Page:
Test-retest reliability of muscle strength and physical function tests in 6–9-year-old children
Research output: Contribution to journal › Journal article › Research › peer-review
We aimed to assess the test-retest reliability of five muscle strength and physical function tests in healthy children. Forty-one children (6–9 years) were tested three times 4–10 days apart. The test protocol included maximal isometric leg press, hand grip strength, squat jump, long jump, and a 30-sec sit-to-stand test (STST). When comparing test round 1 with 2 and 2 with 3, we found good-to-excellent retest reliability of leg press (intraclass correlation coefficient, ICC = 0.87 and ICC = 0.94), hand grip (ICC = 0.90 and ICC = 0.94), and long jump (ICC = 0.86 and ICC = 0.87). Initially, there was a moderate reliability of squat jump (ICC = 0.71), which was improved to ICC = 0.82 (round 2–3). Similarly, reliability of STST was improved from low (ICC = 0.63) to moderate reliability (ICC = 0.78). We conclude that leg press, hand grip, squat jump, and long jump tests are reliable measurements of children’s muscle strength and function, even without familiarization. Contrary, STST requires familiarization to ensure adequate reliability.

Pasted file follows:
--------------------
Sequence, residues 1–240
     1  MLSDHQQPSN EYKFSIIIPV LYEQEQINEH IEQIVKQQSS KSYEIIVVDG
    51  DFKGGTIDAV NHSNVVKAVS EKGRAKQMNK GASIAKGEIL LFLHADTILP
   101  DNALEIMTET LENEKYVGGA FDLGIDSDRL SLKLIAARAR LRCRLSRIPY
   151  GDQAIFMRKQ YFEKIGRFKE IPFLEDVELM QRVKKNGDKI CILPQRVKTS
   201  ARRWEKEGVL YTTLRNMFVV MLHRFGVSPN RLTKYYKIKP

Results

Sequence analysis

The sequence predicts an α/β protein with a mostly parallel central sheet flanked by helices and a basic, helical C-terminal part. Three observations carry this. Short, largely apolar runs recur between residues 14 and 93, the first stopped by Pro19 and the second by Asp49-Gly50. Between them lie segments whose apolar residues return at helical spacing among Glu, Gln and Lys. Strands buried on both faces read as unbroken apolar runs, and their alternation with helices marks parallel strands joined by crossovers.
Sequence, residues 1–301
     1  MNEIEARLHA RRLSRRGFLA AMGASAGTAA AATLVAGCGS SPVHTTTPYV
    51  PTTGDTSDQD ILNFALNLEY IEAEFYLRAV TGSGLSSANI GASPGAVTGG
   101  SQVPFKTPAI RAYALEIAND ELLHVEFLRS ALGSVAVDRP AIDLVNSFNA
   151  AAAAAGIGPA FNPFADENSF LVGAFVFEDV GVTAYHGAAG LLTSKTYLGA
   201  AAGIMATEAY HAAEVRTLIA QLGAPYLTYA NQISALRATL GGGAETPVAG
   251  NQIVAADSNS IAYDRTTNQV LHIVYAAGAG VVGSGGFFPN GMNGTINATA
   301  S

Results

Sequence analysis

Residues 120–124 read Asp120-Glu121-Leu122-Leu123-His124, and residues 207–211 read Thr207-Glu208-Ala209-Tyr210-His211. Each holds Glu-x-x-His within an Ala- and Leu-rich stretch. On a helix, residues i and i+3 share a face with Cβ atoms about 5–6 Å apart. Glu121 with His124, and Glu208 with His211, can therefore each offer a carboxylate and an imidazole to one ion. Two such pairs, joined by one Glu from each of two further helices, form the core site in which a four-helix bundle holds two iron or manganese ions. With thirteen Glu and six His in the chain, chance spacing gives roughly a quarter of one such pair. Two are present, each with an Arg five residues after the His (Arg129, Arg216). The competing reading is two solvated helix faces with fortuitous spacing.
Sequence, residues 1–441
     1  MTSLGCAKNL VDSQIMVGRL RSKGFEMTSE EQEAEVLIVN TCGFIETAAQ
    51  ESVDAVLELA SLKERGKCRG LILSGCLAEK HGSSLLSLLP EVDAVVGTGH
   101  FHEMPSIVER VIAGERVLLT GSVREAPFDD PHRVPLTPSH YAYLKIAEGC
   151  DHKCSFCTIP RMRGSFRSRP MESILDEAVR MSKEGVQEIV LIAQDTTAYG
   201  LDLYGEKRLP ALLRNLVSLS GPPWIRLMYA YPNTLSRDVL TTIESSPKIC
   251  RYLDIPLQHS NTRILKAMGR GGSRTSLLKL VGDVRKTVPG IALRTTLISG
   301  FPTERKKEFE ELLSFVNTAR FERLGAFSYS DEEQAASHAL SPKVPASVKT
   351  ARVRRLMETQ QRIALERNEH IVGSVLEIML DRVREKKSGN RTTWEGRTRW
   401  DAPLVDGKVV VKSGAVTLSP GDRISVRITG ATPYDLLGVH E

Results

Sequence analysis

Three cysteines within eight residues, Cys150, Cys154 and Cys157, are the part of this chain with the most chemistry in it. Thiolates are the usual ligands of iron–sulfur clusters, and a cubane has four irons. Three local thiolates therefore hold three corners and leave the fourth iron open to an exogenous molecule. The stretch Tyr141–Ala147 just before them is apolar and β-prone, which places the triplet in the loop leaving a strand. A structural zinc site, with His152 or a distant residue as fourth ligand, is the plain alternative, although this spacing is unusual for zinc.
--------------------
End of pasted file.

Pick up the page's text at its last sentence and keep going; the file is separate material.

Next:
|Journal||Measurement in Physical Education and Exercise Science|
|Publication status||E-pub ahead of print - 20 Jun 2021|
- Faculty of Science - Pediatrics, Validation study, Physical testing, Muscle function, Familiarization